Oh the humanity…the expectation-murdering ugh of the dreadful sequel to the quality original. Unfortunately they happen. Some are a menace to the phantoms of our youthful memories: …others make us long for murderous Revenge on the studio that spawned it from their retched, greed-dripping Jaws. Some sequels have plot/acting/directing so loaded with mockery- needed fail that we are transformed into staunch proponents of the virtues of franchise euthanasia: …and some sequels are just big, bloated, Oh the humanity…the expectation-murdering ugh of the dreadful sequel to the quality original. Unfortunately they happen. Some are a menace to the phantoms of our youthful memories: …others make us long for murderous Revenge on the studio that spawned it from their retched, greed-dripping Jaws. Some sequels have plot/acting/directing so loaded with mockery- needed fail that we are transformed into staunch proponents of the virtues of franchise euthanasia: …and some sequels are just big, bloated, ego-filled piles of worthless SHAT: Finally…there are sequels for which this reviewer has no words: *convulsive shudder* Relic, the first book in the Pendergast series was a lot of fun and I thought did a great job of taking the murder/mystery thriller and accessorizing it was an “X-file” like supernatural element grounded it plausible scientific explanation. It’s junk science but it completely allows for the suspension of disbelief. That non-standard plot device and the introduction of a very engaging main character, Aloysius Pendergast, the brilliant Southern FBI agent with an open-mind for the bizarre. The story was engaging and I had a very good time with it. Thus, I was really looking forward to this sequel. U N F O R T U N A T E L Y ... The story turned out to be a lifeless, potentially series-killing disappointed for me. It had none of the charm or attempted credibility of the first novel. PLOT SUMMARY: The story takes place about 18 months after the events of Relic and reunites the reader with many of the original players along with some new faces to solve a series a brutal murders being committed against the homeless population living under New York City. The condition of the bodies and the nature of the injuries leads to speculation that something unusual (i.e., non-human) may be committing the crimes. Like so many pooch-screwing, shark-jumping sequels, this story suffers from trying to be so much bigger and louder than its predecessor. It fails and the result is simply a story that loses all sense of focus and narrative suspense. The characters are denied any opportunity to display any depth and become mere “caricatures” of the people I liked so much in the original. Now, on the positive side, Pendergast is still an engaging character and when he is on the page he makes the story better. However, he’s not around enough to help out, let alone save, what is an otherwise very uninspired story. Hopefully, this is just an anomaly and future stories in this series will get back to the formula that worked so well in the first book. It has made me cautious about continuing the series and I am certainly not going to jump right into book 3. Still…memories fade…pain lessens…forgiveness is possible. I may be back. 2.0 stars.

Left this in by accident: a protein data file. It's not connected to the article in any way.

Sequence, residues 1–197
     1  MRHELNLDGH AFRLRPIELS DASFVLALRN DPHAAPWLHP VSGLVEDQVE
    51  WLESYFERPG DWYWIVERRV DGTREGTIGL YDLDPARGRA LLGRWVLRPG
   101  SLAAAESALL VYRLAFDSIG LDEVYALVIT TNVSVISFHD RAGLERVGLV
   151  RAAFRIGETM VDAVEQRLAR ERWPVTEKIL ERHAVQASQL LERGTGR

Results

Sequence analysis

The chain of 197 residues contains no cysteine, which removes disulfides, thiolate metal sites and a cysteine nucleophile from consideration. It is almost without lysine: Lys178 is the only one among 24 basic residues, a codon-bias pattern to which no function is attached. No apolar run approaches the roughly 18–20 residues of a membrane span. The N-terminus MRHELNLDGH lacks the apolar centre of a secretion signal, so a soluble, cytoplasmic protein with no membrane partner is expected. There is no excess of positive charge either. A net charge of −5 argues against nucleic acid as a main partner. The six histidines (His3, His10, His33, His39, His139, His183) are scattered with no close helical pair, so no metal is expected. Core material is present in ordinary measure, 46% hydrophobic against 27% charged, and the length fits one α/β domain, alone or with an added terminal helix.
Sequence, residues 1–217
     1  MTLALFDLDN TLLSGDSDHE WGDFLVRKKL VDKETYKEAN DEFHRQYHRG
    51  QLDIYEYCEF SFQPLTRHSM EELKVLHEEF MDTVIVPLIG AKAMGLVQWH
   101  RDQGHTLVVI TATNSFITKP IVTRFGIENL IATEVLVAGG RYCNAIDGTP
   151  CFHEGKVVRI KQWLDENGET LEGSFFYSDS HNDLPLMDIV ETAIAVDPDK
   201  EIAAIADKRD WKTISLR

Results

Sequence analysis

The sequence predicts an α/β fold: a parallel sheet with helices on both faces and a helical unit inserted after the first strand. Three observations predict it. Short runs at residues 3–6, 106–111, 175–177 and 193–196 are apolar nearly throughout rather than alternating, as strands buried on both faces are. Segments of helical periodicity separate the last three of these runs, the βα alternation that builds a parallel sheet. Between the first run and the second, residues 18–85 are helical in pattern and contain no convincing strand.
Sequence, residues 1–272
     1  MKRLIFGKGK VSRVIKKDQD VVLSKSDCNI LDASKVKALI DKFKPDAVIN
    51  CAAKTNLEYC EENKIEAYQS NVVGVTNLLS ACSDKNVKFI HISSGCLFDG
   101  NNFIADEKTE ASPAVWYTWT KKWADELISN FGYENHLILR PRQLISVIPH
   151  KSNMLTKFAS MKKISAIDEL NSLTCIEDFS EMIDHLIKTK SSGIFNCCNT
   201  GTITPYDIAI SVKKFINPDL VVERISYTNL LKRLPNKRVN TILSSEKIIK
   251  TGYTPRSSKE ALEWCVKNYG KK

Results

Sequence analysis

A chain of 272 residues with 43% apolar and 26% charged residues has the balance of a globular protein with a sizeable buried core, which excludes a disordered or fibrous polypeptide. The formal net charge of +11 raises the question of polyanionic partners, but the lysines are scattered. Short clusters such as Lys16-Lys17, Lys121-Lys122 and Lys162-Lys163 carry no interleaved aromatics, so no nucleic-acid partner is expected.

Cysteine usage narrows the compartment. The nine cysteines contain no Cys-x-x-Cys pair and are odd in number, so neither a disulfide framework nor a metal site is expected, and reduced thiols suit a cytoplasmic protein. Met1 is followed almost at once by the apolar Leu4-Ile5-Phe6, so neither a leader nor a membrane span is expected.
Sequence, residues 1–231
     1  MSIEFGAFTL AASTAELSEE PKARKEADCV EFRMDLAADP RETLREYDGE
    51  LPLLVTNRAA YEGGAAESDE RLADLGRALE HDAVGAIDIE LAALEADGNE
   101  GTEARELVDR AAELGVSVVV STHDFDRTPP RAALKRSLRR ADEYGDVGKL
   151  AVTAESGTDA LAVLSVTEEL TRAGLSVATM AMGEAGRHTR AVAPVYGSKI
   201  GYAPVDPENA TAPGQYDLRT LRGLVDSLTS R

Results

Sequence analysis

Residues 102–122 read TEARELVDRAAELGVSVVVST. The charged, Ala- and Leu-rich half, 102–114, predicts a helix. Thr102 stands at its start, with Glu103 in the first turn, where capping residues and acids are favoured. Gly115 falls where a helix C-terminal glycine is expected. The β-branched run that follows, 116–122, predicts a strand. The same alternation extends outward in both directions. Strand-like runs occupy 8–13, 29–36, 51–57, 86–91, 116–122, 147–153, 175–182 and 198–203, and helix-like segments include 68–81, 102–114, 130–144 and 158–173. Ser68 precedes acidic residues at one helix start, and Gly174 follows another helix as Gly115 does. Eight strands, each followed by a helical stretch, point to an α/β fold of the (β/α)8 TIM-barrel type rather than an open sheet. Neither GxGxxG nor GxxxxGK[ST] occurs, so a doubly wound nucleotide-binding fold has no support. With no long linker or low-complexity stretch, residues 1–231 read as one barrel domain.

4. 4 out of 5

    Ginger

    What a fun and suspenseful book to read! Fans of Relic will enjoy Reliquary. All the same characters from Pendergast, Margo to D'Agosta are in this sequel. You'll enjoy a few new characters such as Hayward (a badass woman cop for NYPD) to the chief of police that's the typical narcissistic politician that makes bad decisions. (Woah, sounds familiar, huh?) 🤔😉 hahaha It's got a great setting for a book, the NYC tunnels. This was so fascinating since it's based on facts and the community that live b What a fun and suspenseful book to read! Fans of Relic will enjoy Reliquary. All the same characters from Pendergast, Margo to D'Agosta are in this sequel. You'll enjoy a few new characters such as Hayward (a badass woman cop for NYPD) to the chief of police that's the typical narcissistic politician that makes bad decisions. (Woah, sounds familiar, huh?) 🤔😉 hahaha It's got a great setting for a book, the NYC tunnels. This was so fascinating since it's based on facts and the community that live below New York City. I really loved this part of the book besides all the science information Dr. Margo Green has to solve. Anyway, I love this series! The books are gripping, suspenseful and have a wonderful quality of great characters to love and hate. The books are very entertaining and honestly, isn't that what you want while reading a book? Uh, yes please! Thanks to my awesome friend Terry for doing a buddy read with me on this book. Looking forward to tackling book #3 with you!!

  5. 5 out of 5

    TS Chan